Josh Rosen has been put through the wringer in his first two NFL seasons — operating behind two of the worst pass-blocking offensive lines of the past decade with little to work with in the way of receiving options. Sam Darnold has been in a similar boat, though to a lesser extent, with the New York Jets. That creates a tough decision for NFL front offices when it comes to evaluating their young quarterbacks. How long do you stick with a player who is struggling on the field while excusing those poor performances due to their supporting cast?
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In Rosen’s case, the Arizona Cardinals decided the answer was one year, and the Miami Dolphins decided to give him just an additional three games before handing the reins back over to Ryan Fitzpatrick in 2019. Darnold has certainly produced more reason for optimism than Rosen, but his situation has been better and his 64.6 overall grade since the start of the 2018 season still ranks just 29th among the 32 quarterbacks with 1,000 or more offensive snaps over that stretch. He now enters his third season with New York, with uncertainty still lingering along the offensive line and at wide receiver.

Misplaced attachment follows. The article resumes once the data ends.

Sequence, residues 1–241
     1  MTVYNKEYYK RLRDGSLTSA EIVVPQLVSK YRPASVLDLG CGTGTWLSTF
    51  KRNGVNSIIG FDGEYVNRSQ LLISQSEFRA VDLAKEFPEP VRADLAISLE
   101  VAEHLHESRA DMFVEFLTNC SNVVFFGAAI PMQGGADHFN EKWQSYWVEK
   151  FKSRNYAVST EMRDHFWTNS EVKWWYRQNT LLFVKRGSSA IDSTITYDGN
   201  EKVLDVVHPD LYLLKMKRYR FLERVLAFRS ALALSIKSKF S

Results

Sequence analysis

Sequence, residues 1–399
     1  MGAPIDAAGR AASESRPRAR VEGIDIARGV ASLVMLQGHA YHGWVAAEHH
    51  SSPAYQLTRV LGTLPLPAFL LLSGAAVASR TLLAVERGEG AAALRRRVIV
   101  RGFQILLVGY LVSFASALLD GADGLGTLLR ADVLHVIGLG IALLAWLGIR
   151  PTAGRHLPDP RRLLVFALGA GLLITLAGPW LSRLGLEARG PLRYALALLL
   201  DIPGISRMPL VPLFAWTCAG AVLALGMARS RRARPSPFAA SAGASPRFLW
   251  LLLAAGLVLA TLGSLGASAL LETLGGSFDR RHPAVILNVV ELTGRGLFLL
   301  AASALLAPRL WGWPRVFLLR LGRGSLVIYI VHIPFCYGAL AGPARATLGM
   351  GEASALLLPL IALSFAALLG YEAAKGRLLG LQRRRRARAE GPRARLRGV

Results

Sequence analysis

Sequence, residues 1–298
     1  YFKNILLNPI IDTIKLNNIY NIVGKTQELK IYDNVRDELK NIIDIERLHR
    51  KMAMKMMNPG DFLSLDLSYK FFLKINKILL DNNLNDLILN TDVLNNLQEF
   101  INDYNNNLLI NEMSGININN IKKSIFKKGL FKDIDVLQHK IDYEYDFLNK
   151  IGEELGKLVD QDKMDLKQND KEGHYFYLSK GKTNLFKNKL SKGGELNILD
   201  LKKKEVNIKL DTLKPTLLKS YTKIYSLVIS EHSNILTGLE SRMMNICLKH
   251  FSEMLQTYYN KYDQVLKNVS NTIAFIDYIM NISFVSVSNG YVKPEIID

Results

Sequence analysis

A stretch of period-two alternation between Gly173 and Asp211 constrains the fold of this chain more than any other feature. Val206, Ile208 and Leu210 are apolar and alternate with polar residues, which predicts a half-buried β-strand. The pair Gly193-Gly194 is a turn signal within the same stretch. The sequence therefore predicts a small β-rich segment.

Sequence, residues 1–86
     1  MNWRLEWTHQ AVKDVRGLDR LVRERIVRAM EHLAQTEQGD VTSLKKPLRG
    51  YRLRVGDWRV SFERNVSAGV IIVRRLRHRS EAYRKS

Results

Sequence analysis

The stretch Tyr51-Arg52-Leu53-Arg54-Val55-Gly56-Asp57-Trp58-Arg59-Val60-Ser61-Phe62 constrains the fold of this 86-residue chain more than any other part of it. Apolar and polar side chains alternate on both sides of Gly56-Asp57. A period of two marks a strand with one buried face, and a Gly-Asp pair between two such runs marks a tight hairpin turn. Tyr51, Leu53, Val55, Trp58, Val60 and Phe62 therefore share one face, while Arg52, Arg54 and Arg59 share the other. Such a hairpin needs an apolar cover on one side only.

I bring up those cases because it shows there is no set answer to how long a team will give a young quarterback, and similarly to Rosen and Darnold, Dwayne Haskins has what appears to be a brutal offensive environment in store for him in 2020 with the Washington Redskins. There were already those who wanted to bring in a free agent quarterback this offseason in Washington — perhaps reuniting Cam Newton with Ron Rivera. If Haskins falls flat in 2020 with the lack of talent around him, he might not get another chance.
The disclaimer: Terry McLaurin is very good at football
PFF's Austin Gayle broke down Terry McLaurin’s outstanding rookie season earlier this offseason, so I won’t go into too much depth here. This table — listing the highest receiving grades for any rookie wide receiver in the past decade with 250 or more routes — tells the story of what we should expect from McLaurin moving forward, though.
Highest Receiving Grades for Rookie WRs | Since 2010
|Odell Beckham Jr.||2014||91.2|
*Among players who ran 250 or more routes
There is not a single miss in that top 10. If a wideout balls out like McLaurin did as a rookie — particularly in a shaky offense like the Redskins had in 2019 – there’s a good chance they're going to continue to play at a high level for years to come. McLaurin’s speed, route-running and releases make him a true No. 1 option, capable of winning in all areas of the field. If nothing else, Haskins has that to work with.